Rapid molecular methods for in‐field and laboratory identification of the yellow‐legged Asian hornet (Vespa velutina nigrithorax)

Rapid molecular methods for in‐field and laboratory identification of the yellow‐legged Asian... The yellow‐legged Asian hornet (Vespa velutina nigrithorax) is an invasive species that presents a threat to apiculture in Europe; first introduced into France in 2004, it has subsequently spread into neighbouring European countries. There is a risk of invasion and establishment in the UK, and in 2016, nests were found and destroyed in Alderney in the Channel Islands, and in Tetbury, Gloucestershire, illustrating a need for screening of suspect specimens so that invading hornets can be rapidly identified, and their nests destroyed. In this study, loop‐mediated isothermal amplification (LAMP) and real‐time PCR assays were developed to enable both in‐field and laboratory testing. Species‐specific identification assays and generic invertebrate control assays were developed. All the assays were validated according to the European Plant Protection Organisation standard PM 7/98. The assays were tested successfully against V. velutina nigrithorax obtained from France, Asia and the UK. Eight non‐target species, that were closely related or morphologically similar to the Asian hornet, gave negative results with the species‐specific assays, and positive results with the control assays. The assays could be used to detect target DNA at concentrations as low as 5 pg per reaction. LAMP was rapid, and cable of generating positive results within 10 min. Using simplified sample homogenization protocols that could be performed in the field, the LAMP assay was successful when tested against all developmental stages and nest samples, assisting with identification of samples that cannot be determined morphologically and allowing detection away from the laboratory. These assays provide a valuable tool for fast and reliable detection of this invasive species, offering the ability to identify damaged/incomplete specimens and immature life‐stages. http://www.deepdyve.com/assets/images/DeepDyve-Logo-lg.png Journal of Applied Entomology Wiley

Rapid molecular methods for in‐field and laboratory identification of the yellow‐legged Asian hornet (Vespa velutina nigrithorax)

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Publisher
Wiley
Copyright
Copyright © 2018 Blackwell Verlag GmbH
ISSN
0931-2048
eISSN
1439-0418
D.O.I.
10.1111/jen.12506
Publisher site
See Article on Publisher Site

Abstract

The yellow‐legged Asian hornet (Vespa velutina nigrithorax) is an invasive species that presents a threat to apiculture in Europe; first introduced into France in 2004, it has subsequently spread into neighbouring European countries. There is a risk of invasion and establishment in the UK, and in 2016, nests were found and destroyed in Alderney in the Channel Islands, and in Tetbury, Gloucestershire, illustrating a need for screening of suspect specimens so that invading hornets can be rapidly identified, and their nests destroyed. In this study, loop‐mediated isothermal amplification (LAMP) and real‐time PCR assays were developed to enable both in‐field and laboratory testing. Species‐specific identification assays and generic invertebrate control assays were developed. All the assays were validated according to the European Plant Protection Organisation standard PM 7/98. The assays were tested successfully against V. velutina nigrithorax obtained from France, Asia and the UK. Eight non‐target species, that were closely related or morphologically similar to the Asian hornet, gave negative results with the species‐specific assays, and positive results with the control assays. The assays could be used to detect target DNA at concentrations as low as 5 pg per reaction. LAMP was rapid, and cable of generating positive results within 10 min. Using simplified sample homogenization protocols that could be performed in the field, the LAMP assay was successful when tested against all developmental stages and nest samples, assisting with identification of samples that cannot be determined morphologically and allowing detection away from the laboratory. These assays provide a valuable tool for fast and reliable detection of this invasive species, offering the ability to identify damaged/incomplete specimens and immature life‐stages.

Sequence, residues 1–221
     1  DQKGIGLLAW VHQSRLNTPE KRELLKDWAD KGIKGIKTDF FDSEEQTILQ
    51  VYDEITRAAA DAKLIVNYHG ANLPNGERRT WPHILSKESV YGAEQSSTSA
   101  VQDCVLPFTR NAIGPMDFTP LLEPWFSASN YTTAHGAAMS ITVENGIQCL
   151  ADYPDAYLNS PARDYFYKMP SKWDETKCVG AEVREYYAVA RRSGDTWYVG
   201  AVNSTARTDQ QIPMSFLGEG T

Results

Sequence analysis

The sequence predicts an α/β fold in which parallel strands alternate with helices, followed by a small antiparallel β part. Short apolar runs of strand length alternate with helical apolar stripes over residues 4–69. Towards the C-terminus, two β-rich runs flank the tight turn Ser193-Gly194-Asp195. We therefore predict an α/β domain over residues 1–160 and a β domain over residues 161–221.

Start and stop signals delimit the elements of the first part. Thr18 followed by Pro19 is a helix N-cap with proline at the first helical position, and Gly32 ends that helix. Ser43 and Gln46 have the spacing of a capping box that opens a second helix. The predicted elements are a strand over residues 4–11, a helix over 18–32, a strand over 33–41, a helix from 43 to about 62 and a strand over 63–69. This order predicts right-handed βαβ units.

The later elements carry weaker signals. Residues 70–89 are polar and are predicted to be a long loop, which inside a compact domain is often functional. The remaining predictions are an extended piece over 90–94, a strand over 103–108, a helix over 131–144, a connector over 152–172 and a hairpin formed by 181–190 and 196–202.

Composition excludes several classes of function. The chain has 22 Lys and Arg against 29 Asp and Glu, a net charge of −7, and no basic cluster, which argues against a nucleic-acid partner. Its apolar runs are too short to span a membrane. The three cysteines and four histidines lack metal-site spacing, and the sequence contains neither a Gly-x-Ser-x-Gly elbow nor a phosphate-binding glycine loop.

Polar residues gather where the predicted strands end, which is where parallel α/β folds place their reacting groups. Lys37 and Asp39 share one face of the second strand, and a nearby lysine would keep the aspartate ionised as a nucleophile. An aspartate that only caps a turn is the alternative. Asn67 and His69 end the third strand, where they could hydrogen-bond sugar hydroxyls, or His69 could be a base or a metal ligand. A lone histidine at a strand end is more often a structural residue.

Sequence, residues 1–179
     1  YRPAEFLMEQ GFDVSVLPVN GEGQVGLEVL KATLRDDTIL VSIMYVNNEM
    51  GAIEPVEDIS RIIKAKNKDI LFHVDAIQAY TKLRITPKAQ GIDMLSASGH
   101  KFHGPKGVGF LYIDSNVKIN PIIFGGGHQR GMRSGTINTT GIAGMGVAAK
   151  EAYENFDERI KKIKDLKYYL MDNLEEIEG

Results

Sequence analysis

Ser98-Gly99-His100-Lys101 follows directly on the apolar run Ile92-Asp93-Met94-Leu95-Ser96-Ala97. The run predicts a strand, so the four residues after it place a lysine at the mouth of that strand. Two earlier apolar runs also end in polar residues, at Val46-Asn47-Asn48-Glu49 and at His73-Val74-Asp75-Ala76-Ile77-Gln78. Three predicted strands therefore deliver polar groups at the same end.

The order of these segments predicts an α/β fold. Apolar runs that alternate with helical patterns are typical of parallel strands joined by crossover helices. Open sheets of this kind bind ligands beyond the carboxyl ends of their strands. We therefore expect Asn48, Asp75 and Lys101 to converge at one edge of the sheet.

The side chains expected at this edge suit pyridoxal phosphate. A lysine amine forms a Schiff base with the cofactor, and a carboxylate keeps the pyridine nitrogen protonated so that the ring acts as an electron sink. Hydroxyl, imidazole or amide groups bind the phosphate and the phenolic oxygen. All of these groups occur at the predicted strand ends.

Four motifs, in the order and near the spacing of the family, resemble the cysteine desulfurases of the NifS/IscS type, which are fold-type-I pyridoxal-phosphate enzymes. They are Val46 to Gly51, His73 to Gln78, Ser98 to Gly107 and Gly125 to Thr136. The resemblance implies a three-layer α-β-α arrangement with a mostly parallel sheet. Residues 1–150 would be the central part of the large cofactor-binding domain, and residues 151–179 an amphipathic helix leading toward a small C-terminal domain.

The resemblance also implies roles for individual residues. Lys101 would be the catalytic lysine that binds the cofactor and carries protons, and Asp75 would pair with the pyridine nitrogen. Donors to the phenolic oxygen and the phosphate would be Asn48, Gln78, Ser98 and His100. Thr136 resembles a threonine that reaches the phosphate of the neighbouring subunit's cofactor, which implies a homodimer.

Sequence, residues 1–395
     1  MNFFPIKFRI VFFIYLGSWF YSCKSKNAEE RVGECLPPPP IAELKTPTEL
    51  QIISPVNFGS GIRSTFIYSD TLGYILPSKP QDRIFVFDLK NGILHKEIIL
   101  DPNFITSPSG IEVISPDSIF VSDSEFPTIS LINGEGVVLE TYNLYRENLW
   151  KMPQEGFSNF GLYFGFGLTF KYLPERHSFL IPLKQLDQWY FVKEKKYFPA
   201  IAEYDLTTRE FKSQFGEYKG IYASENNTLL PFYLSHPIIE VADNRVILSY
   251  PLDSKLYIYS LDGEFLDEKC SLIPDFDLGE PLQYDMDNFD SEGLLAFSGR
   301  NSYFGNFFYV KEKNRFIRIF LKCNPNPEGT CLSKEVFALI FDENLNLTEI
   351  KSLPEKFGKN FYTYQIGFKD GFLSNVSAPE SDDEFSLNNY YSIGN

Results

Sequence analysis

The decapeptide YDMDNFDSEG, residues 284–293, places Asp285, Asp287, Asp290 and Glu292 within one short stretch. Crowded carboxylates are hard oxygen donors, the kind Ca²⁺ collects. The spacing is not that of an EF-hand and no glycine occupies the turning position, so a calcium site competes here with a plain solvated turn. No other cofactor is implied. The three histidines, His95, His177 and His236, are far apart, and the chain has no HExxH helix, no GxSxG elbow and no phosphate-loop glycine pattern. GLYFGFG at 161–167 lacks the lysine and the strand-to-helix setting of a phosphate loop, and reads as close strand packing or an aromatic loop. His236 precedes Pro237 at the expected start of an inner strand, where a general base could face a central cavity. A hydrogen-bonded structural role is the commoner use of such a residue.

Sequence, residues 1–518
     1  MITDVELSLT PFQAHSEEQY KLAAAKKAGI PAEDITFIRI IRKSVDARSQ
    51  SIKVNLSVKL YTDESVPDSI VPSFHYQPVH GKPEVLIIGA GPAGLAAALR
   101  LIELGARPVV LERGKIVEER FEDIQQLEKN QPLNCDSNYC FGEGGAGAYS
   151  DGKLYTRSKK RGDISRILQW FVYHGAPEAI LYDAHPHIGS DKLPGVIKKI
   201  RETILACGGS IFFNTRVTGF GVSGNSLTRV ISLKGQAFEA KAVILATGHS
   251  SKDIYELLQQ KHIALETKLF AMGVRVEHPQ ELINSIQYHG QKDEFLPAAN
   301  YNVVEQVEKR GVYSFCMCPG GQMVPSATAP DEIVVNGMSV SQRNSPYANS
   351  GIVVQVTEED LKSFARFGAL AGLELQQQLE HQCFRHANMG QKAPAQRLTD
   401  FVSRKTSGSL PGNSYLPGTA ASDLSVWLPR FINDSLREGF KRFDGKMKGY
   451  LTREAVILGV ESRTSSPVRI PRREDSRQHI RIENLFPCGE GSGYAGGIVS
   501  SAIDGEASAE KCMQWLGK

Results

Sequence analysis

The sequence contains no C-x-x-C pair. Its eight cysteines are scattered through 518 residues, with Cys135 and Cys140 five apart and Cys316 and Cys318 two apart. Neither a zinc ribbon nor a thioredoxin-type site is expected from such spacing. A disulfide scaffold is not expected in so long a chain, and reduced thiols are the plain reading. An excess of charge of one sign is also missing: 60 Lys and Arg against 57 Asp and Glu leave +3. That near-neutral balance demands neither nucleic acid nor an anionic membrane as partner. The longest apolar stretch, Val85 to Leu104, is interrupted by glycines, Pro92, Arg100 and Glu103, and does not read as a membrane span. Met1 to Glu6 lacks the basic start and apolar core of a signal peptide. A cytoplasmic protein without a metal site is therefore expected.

Journal

Journal of Applied EntomologyWiley

Published: Jan 1, 2018

Keywords: ; ; ; ;

References

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